The national level oftentimes refers to policy problem-framing from the global level butfocuses on aspects relevant for a country within its legal and regulatory space as well as its foreign affairs. Therefore, states undertake science diplomacy activities jointly with non-governmental institutions to establish solid knowledge in the prioritized area in order to ensure the security4 of its citizens. For example, in the case of the COVID-19 outbreak, the priority of states was to protect citizens and stabilize the situation within national borders; however, in addition to ensuring security, countries also advanced know-how on other levels – especially upper ones, and therefore contributed to addressing the challenge on a global scale. For example, the Czech Republic stressed in its National Cyber Security Strategy for the period 2015 to 2020 the will to “play a leading role in the cyber security field within its region and in Europe” (NSA, NCSC, 2015: p.7). Thus, the National Cyber and Information Security Agency (NCISA) was established, and cyber attachés were deployed to the US, Belgium, and Israel while cooperation in research within the EU and the North Atlantic Treaty Organization (NATO) was reinforced (Kadlecová et al., 2020). Similarly, Germany and the United Kingdom used national scientific knowledge, including governmental and private research capacities, to firstly ensure citizens security in the field of public health, and, secondly, to contribute to international activities during the Zika outbreak in 2015-2016 (Šlosarík et al., 2020). While the national level prioritizes citizen protection in the face of challenges, the ambition to become an important player by advancing knowledge on the sub-global and global level is no less important a driver of state science diplomacy engagement.
The sub-national level contains all activities underneath the national level as determined by geographical elements. As mentioned above, science diplomacy activities may include bilateral, multilateral, and regional dimensions based on the type of stakeholders and the relationships among them. Dimensions of the sub-national level acquire the same features as those of sub-global levels, but they unite different stakeholders, such as cities, research institutions and sub-national regions. Even though global, sub-global, national, and sub-national levels are understood as building blocks for the science diplomacy process aimed towards addressing global challenges, these categories oftentimes overlap, and therefore many examples of mixed-dimensions science diplomacy can be found. For example, the EU-India Water Forum or China-EU Water Platform comprise both regional and bilateral dimensions of the sub-global level. The EU is considered a sub-global level actor, while concomitantly, EU Member States are nationally involved in bilateral or multilateral cooperation based on their expertise in the field and on historical ties (Tomalová et al., 2020). Similarly, EU-US or EU-Japan cyber relations can be added to this mixed category (Kadlecová et al., 2020).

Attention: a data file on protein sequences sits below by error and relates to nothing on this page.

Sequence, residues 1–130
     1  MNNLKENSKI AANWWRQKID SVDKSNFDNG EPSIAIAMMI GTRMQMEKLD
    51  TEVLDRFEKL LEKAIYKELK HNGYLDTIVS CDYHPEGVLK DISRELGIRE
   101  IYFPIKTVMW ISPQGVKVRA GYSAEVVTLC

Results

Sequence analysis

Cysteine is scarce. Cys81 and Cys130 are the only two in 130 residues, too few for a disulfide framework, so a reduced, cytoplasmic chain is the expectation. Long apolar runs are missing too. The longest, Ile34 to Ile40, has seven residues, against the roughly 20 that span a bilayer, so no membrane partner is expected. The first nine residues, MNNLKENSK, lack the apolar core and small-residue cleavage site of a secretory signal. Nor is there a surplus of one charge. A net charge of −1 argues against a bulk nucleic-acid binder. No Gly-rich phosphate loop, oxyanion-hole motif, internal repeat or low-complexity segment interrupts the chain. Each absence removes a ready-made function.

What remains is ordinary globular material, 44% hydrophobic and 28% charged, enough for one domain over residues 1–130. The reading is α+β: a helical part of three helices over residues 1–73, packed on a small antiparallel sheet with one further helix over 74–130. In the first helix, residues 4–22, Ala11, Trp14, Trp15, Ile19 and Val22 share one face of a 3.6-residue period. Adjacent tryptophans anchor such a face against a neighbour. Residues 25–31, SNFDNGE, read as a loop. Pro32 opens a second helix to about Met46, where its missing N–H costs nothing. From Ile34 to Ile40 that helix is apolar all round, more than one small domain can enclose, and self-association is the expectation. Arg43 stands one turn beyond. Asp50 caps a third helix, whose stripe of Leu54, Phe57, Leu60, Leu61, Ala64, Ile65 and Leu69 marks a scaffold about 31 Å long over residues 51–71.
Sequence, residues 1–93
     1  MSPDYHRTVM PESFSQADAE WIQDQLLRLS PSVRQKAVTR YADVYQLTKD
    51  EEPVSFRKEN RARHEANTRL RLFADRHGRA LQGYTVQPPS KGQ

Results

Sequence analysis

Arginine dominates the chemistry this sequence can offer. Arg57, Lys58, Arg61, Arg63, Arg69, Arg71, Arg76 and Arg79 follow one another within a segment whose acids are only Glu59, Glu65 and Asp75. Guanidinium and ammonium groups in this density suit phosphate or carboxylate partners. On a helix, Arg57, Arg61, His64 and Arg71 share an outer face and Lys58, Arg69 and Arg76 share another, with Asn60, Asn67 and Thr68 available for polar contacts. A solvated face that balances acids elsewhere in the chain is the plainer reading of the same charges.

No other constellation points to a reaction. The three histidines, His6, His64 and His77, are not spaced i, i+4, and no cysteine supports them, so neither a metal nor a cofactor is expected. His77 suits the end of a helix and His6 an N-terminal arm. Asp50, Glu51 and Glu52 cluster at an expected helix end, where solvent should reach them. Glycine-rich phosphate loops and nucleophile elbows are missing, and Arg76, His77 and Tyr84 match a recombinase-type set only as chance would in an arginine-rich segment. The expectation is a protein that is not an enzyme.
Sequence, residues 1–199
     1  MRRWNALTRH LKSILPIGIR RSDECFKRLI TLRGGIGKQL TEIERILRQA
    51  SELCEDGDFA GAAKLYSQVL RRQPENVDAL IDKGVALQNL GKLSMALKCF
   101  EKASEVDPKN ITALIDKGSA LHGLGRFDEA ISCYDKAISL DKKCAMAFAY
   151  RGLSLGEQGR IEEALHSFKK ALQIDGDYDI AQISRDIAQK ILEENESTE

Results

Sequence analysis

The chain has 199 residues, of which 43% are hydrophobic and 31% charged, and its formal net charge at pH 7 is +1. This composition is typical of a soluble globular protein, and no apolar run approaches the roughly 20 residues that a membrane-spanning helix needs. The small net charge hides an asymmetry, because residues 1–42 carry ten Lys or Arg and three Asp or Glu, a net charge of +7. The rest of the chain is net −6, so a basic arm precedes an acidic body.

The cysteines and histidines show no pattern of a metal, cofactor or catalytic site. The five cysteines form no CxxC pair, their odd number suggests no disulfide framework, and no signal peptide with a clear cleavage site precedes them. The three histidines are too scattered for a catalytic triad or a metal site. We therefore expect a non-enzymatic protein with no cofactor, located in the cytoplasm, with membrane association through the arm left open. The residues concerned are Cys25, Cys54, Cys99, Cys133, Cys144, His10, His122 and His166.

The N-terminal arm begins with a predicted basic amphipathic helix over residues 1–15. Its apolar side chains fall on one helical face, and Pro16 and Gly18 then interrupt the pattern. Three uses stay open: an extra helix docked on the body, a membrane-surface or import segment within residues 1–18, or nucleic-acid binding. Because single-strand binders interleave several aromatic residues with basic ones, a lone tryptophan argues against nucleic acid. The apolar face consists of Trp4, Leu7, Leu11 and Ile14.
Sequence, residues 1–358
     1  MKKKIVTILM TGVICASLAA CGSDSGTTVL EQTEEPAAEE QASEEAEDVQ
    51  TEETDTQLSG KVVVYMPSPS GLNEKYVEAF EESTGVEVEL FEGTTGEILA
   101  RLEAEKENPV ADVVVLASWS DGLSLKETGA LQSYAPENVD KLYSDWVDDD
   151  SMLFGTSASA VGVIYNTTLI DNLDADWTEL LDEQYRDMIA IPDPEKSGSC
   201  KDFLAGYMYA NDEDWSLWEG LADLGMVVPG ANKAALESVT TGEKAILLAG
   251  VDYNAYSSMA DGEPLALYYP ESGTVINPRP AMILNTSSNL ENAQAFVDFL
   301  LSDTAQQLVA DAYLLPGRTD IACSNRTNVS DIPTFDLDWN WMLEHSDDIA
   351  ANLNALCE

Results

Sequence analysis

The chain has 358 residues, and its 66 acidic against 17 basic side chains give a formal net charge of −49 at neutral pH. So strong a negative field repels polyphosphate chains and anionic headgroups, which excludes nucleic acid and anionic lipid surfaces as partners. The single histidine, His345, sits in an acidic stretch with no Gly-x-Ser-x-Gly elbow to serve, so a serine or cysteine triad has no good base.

Moreover, one stakeholder can simultaneously operate in multiple dimensions and on multiple levels of international cooperation that follow the actors’ priorities, expertise, and privileged relations in science diplomacy. To illustrate this phenomenon, the German government coordinates research in public health on the national level in cooperation with the private and non-governmental sectors. Germany is also actively involved in global health protection in numerous regional institutions, e.g. G7, G20, EU. Finally, Germany is vigorously engaged within the framework of the GloPID-R and the WHO (Šlosarík et al., 2020) on a global level. These simultaneously overlapping memberships and activities vary along with situationally defined interests, expertise in the field, and human and physical geography.
To sum up, we have identified four levels of the science diplomacy process; global, sub-global, national, and sub-national. Additionally, sublevels are divided based on the number of actors and type of stakeholder relations to three dimensions; bilateral, multilateral, and regional. Nevertheless, science diplomacy actors rarely participate on only one level or dimension; more often, they are simultaneously involved in multiple levels and dimensions, cooperating with a wide range of distinct actors. Indeed, only agglomerating activities throughout levels offers the potential to address challenges comprehensively. Therefore, tackling global challenges through science diplomacy will only be effective if approached as a “mixed-level” effort.
Jacobs, J. (2002). The Mekong River Commission: transboundary water resources planning and regional security. The Geographical Journal, 168 (4). Retrieved from: https://doi.org/10.1111/j.0016-7398.2002.00061.x
Kadlecová, L., Meyer, N., Cos, R., Ravinet, P. (2020). Cyber Security: Mapping the Role of Science Diplomacy in the Cyber Field. In : Young, M., Flink T., Dall, E. (eds.) (2020). Science Diplomacy in the Making: Case-based insights from the S4D4C project.
National Security Authority, National Cyber Security Centre (2015). National Cyber Security Strategy of the Czech Republic for the Period from 2015 to 2020. Retrieved from: https://www.govcert.cz/download/gov-cert/container-nodeid-1067/ncss-15-20-150216-en.pdf
Ravinet, P., Cos, R., Young, M. (2020). The science and diplomacy of global challenges: Food security in EU-Africa relations. In: Young, M., Flink T., Dall, E. (eds.) (2020). Science Diplomacy in the Making: Case-based insights from the S4D4C project.
Šlosarčík, I., Meyer, N., Chubb, J. (2020). Science diplomacy as a means to tackle infectious diseases. In: Young, M., Flink T., Dall, E. (eds.) (2020). Science Diplomacy in the Making: Case-based insights from the S4D4C project.
Tomalová, E., Černovská, E., Aukes, E., Montana, J., Dall, E. (2020). Water Diplomacy and its Future in the National, Regional, European and Global Environments. Young, M., Flink T., Dall, E. (eds.) (2020). Science Diplomacy in the Making: Case-based insights from the S4D4C project.